A 1031 reverse exchange is when an intermediary (IPE 1031) acquires and holds a new property until the taxpayer (Ralos Eixom) is ready to transfer the original property. Typically, 1031 exchanges are used to avoid a hefty tax bill when two exchanges are similar or offer “like-kind” value. 1031 exchanges enjoy nonrecognition, meaning any gain or loss is deferred, said Diane Dick, professor of law at the University of Iowa.
She explained the benefits of 1031 reverse exchanges, generally speaking, in an email to the CBJ: “The idea is that the taxpayer has not really terminated their initial investment in real estate – they’ve simply swapped the initial property for something similar in order to continue the same or similar business or involvement activity. And sometimes unique opportunities come along and the taxpayer has an opportunity to acquire desirable property before it is ready to relinquish the original property.”
On Feb. 19, 2021, REV352 LLC sold the new headquarters to Ralos Eixom for $0 under a quit claim deed. In April, Ralos sold 230 Sugar Creek Lane for $1,030,000, seemingly completing the criteria of a valid reverse exchange.
Just seven days later, Moxie Investments LLC formed.
So, why does this matter?
Counts: Breach of contract by MSI; Fraud by MSI Diversified and Hall
In 2020, Mr. Hall approached the city of North Liberty with a project that would redevelop 323 W. Cherry St. into a mixed-use district including retail facilities, restaurants, entertainment venues and more.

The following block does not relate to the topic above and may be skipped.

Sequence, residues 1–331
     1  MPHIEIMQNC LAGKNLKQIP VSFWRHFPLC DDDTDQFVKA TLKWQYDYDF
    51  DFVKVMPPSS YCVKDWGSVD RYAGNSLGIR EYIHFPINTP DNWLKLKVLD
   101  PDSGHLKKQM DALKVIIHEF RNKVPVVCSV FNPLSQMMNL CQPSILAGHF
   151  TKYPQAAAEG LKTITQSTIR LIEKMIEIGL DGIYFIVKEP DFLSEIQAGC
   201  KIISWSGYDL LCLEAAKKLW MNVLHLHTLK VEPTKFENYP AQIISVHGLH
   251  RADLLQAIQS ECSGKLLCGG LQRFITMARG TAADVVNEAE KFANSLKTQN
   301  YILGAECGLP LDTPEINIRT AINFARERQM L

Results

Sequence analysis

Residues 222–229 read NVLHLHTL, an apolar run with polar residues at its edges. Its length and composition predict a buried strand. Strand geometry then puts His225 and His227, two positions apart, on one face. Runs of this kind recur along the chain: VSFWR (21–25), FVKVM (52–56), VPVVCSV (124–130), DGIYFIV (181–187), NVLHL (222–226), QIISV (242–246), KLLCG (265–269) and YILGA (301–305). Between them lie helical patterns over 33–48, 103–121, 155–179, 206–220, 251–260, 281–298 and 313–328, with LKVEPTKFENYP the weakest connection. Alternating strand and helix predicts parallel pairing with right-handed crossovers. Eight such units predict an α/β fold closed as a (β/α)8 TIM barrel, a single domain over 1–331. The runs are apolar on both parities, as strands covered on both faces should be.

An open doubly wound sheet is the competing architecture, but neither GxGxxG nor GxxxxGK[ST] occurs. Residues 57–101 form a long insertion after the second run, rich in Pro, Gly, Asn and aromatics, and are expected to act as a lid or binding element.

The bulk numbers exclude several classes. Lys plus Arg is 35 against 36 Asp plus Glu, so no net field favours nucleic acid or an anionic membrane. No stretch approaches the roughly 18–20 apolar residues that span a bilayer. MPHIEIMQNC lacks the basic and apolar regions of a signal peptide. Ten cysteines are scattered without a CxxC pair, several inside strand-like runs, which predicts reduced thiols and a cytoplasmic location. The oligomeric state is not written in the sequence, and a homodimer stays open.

North Liberty agreed to provide a $50,000 interest-accruing loan that would be forgiven if the company provided a site plan by Jan. 1, 2022, and began construction within 12 months of city council approval. No site plan was ever submitted to the city, the lawsuit alleges.
“Critically, Jason Hall represented in the loan agreement that Moxie Solar Inc. was owner of the property; ultimately, either Moxie Solar and Ralos Eixom are the same company or Jason Hall made a material misrepresentation when he signed the agreement,” said Nick Bergus, communications director for North Liberty, in an email.
“The city has not been repaid, and discovery is ongoing, but we believe the city will prove each of the elements of all its claims in due course,” he added.
Two attorneys for the defendants withdrew counsel in January 2023.
Counts: Breach of contract – suit on open account; Voidable conveyance; Fraudulent misrepresentation theft, or fraudulent scheme; Alternative oral contract, quasi contract or unjust enrichment
CED Greentech is a solar energy equipment supplier also alleging Mr. Hall, MSI Diversified and Ralos Eixom are “insiders and affiliates of each other,” according to a court petition.
The lawsuit argues the Section 1031 reverse exchange transfer is “not fair to Moxie and Moxie’s creditors were taken when Moxie was insolvent or were made with an intent by Mr. Hall and Moxie to hinder, delay or defraud creditors, including CED Greentech.”
CED Greentech claims Moxie began ordering products from CED Greentech in 2018 but Moxie stopped paying bills in August 2021. They say they are entitled to more than $700,000. The lawsuit says Moxie and Mr. Hall ordered products knowing they did not intend to pay for that product.
Lawyers for CED Greentech did not release a statement.
Counts: Breach of contract; Permanent injunctive relief; Landlord’s lien
On May 1, 2021 — after Ralos completed the 1031 reverse exchange — Hieronymi Partnership said Ralos entered into an agreement to rent 38,500-square-feet of space in the northeast corner of a warehouse for three years.